By: James Parker
August 24, 2017

The Kalevala is a sequence of folkloric songs, runes and charms from the Karelia region of Finland, collected in the field and concatenated into epic form by Dr. Elias Lonnrot (1803-1884). The versions presented here are not translations or transliterations — they are respectful bastardizations, working from the 1963 English version of the Kalevala produced by the versatile and witty Francis Peabody Magoun Jr.



[being a bastardization of The Kalevala, Rune 30, lines 120–188]

The surf it spins, the spume it plays,
the stars come pattering out.
The fingers of God
pop the moon from its pod
and the helmsman gives a shout.

It’s Lemminkainen, stimulated,
steering his longship,
his boon companion Wulfi at his side.

“Out to sea, out to sea,
where the albatross ungainly dives
and the cunning anchovy thrives!
We’re raiding again, Wulfi.
Just like the old days!”

“Nice boat,” says Wulfi. “Good movement.”

Says Lemminkainen:
“I named my ship the Sea-Hare,
for I do reverence that animal
above all others.
I love his withered warlike face,
his whiskers strong as wire.
His legs I so admire.
He’ll run for weeks!
And how I love
the speed-streaks on his cheeks.”

“Very fast, the hare,” observes Wulfi.

And as the hare half-hides
in the after-harvest stalks,
his mad dented ears sticking up
from the white stubble,
so does Lemminkainen’s longship
crouch behind the dark swell,
its mast-tip poking over.

A cloud blows moonlight like a silver

“Wulfi, rattle your memory.
Not so difficult, is it?
Old Grimli, down by Drop Head Wood,
how we paid him a little visit?

We turned him out, we burned him out.
Just for a laugh, you said.
But I was up for robbery,
for the ingots under his bed.

We knocked on his door with our

“That we did,” says Wulfi.

“We examined his seashell collection
with our feet.
The views he aired from the upper stair
I’d rather not repeat.

We overhauled his décor.
For that we got no thanks.
He fled through the trees in his nightgown,
flashing pale shanks.”

“Yup,” says Wulfi.

And she goes, she goes, the Sea-Hare,
over the twanging world-canopy,
between the drumming tarps of sea and
and the bulge in her sail is the roundness
of the hare’s eye.

Out to sea, hums Lemminkainen, out to

But look, there’s someone watching him.
On the horizon, at the ocean’s rim,
from her edge-of-it-all abode
she gapes like a cosmic toad.
Tilt the blue disc of the sea
but one degree
and down her gullet it would go,
leaving but a bare basin,
a doomsday patio.

Oh NO.

It’s the Witch of North Farm.

In her whirlpool, her private vortex,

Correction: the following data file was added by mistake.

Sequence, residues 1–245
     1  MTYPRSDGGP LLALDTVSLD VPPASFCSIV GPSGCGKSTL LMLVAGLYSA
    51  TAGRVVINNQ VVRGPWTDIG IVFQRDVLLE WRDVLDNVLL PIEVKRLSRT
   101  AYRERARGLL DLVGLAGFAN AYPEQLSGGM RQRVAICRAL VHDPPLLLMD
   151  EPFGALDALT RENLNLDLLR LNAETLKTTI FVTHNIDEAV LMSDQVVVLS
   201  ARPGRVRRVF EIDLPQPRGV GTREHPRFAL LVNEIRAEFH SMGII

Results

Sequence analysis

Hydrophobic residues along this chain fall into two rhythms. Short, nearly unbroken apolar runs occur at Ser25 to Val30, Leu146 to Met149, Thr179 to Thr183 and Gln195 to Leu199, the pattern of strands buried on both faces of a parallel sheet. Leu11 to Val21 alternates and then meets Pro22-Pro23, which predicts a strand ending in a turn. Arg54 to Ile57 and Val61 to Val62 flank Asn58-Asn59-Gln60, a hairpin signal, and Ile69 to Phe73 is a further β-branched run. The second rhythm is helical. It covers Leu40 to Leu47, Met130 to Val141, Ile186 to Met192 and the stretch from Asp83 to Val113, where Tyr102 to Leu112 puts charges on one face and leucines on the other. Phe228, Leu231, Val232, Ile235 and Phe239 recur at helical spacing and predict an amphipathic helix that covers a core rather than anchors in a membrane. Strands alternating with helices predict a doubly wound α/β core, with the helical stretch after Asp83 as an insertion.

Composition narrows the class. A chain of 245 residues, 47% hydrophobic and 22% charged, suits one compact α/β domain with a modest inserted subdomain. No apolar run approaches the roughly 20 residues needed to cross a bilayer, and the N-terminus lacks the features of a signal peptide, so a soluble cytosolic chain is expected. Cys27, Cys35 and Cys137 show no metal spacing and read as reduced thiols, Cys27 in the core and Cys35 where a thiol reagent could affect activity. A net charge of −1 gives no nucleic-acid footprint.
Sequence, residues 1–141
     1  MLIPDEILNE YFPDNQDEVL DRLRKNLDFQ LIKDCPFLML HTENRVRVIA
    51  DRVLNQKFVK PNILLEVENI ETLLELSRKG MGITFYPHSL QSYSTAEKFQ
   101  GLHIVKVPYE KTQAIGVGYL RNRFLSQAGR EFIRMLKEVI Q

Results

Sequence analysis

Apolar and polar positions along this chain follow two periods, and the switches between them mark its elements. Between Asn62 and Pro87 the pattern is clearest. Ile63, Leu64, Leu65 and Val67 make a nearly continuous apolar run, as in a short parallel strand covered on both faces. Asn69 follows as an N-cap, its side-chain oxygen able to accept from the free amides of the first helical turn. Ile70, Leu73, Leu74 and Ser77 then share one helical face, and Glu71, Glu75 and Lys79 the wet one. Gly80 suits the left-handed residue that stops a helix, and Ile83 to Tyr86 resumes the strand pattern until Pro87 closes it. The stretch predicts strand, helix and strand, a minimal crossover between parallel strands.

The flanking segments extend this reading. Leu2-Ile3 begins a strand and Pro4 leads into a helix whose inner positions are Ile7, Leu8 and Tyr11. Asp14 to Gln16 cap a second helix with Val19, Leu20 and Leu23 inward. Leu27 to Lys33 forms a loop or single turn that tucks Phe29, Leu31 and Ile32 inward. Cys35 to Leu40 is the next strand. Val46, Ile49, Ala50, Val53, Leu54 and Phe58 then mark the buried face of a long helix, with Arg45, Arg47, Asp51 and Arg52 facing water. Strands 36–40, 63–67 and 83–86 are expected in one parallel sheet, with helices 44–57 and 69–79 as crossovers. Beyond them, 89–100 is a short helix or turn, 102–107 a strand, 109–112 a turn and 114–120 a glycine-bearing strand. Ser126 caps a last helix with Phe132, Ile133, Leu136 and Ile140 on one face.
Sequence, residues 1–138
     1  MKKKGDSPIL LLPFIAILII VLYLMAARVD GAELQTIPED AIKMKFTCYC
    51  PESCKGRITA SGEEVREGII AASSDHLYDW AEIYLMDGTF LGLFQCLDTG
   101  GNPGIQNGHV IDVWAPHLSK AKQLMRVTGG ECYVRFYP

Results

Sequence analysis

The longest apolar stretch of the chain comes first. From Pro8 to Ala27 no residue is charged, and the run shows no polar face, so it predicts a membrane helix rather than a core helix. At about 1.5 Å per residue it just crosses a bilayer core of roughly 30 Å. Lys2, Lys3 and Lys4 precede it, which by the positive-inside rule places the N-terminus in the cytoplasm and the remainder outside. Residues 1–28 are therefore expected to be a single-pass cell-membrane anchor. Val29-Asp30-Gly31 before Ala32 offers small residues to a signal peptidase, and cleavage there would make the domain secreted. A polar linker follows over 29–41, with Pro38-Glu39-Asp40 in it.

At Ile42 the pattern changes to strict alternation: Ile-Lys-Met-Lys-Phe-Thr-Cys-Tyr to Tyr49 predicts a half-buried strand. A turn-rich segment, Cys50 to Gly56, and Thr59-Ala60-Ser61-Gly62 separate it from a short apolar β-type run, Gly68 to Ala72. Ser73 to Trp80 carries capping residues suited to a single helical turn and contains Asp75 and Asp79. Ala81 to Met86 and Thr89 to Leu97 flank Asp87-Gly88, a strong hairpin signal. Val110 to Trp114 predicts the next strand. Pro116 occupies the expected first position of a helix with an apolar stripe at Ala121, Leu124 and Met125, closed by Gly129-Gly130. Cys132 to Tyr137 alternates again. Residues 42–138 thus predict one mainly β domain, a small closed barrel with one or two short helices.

her cauldron of drifting wrecks,
she brews up a hex.
She dips her witch’s fingertip:
numbness spreads in a flat ring,
at blast velocity,
and little Jack Frost comes clattering across
the hard surface of the suddenly solid sea.

He giggles.
He won’t behave.
His tin heels clang
down in an ice-hollow,
his toecaps knell
in the ice-dell,
then scrape upwards
as he climbs this new form in nature,
the stammer of a stalled wave.

Wulfi squints. “Could be a problem.”

Enchantment. Blue-white glare.
These noises edged with terror
in the dead air.
The lithe longship is locked in, blocked in.
The Sea-Hare
is going nowhere.


Series banner contributed by Rick Pinchera.

ALL INSTALLMENTS: INTRODUCTION: Laughter in the Womb of Time, or Why I Love the Kalevala | RUNE 1: “The Birth of Vainamoinen” | RUNE 2 (departure): “Vainamoinen in November” | RUNE 3 (1–278): “Wizard Battle” | RUNE 4 (1–56): “A Failed Seduction” | RUNE 4 (300–416): “Aino Ends It All” | RUNE 5 (45–139): “An Afternoon Upon the Water” | RUNE 5 (150–241): “The Blue Elk” | RUNE 5 (departure): “Smüt the Dog Praises His Seal Queen” | RUNE 6 (1–114): “Therapy Session” | RUNE 6 (115–130): “Joukahainen’s Mother Counsels Him Against Shooting the Wizard Vainamoinen” | RUNE 11 (1–138): “Introducing Kyllikki” | RUNE 17 (1–98): “The Dreaming Giant” | RUNE 23 (485–580): “The Bride’s Lament” | RUNE 30 (1–276): “Icebound” | RUNE 30 (120–188): “The Voyage of the Sea-Hare” (Part One) | RUNE 30 (185–188): “Losing It” | RUNE 30 (departure): “Across the Ice” | RUNE 30 (departure): “Song of the Guilty Viking” | RUNE 30 (departure): “The Witch’s Dance” | RUNE 31 (215–225): “The Babysitter” | RUNE 31 (223–300): “The Screaming Axe” | RUNE 33 (1–136): “The Cowherd” | RUNE 33 (73): “Song of the Blade: Kullervo” | RUNE 33 (reworked): “The Breaking of the Blade” | RUNE 33 (118–284): “The Cows Come Home” | RUNE 34 (1–82): “The Pipes of Kullervo” | RUNE 45 (259–312, departure): “The Wizard’s Secret”.

MORE PARKER at HILOBROW: COCKY THE FOX: a brilliant swearing-animal epic, serialized here at HILOBROW from 2010–2011, inc. a newsletter by Patrick Cates | THE KALEVALA — a Finnish epic, bastardized | THE BOURNE VARIATIONS: A series of poems about the Jason Bourne movies | ANGUSONICS: James and Tommy Valicenti parse Angus Young’s solos | MOULDIANA: James and Tommy Valicenti parse Bob Mould’s solos | BOLANOMICS: James traces Marc Bolan’s musical and philosophical development | WINDS OF MAGIC: A curated series reprinting James’s early- and mid-2000s writing for the Boston Globe and Boston Phoenix | CROM YOUR ENTHUSIASM: J.R.R. Tolkien’s THE HOBBIT | EVEN MORE PARKER, including doggerel; HiLo Hero items on Sid Vicious, Dez Cadena, Mervyn Peake, others; and more.


Poetry, Read-outs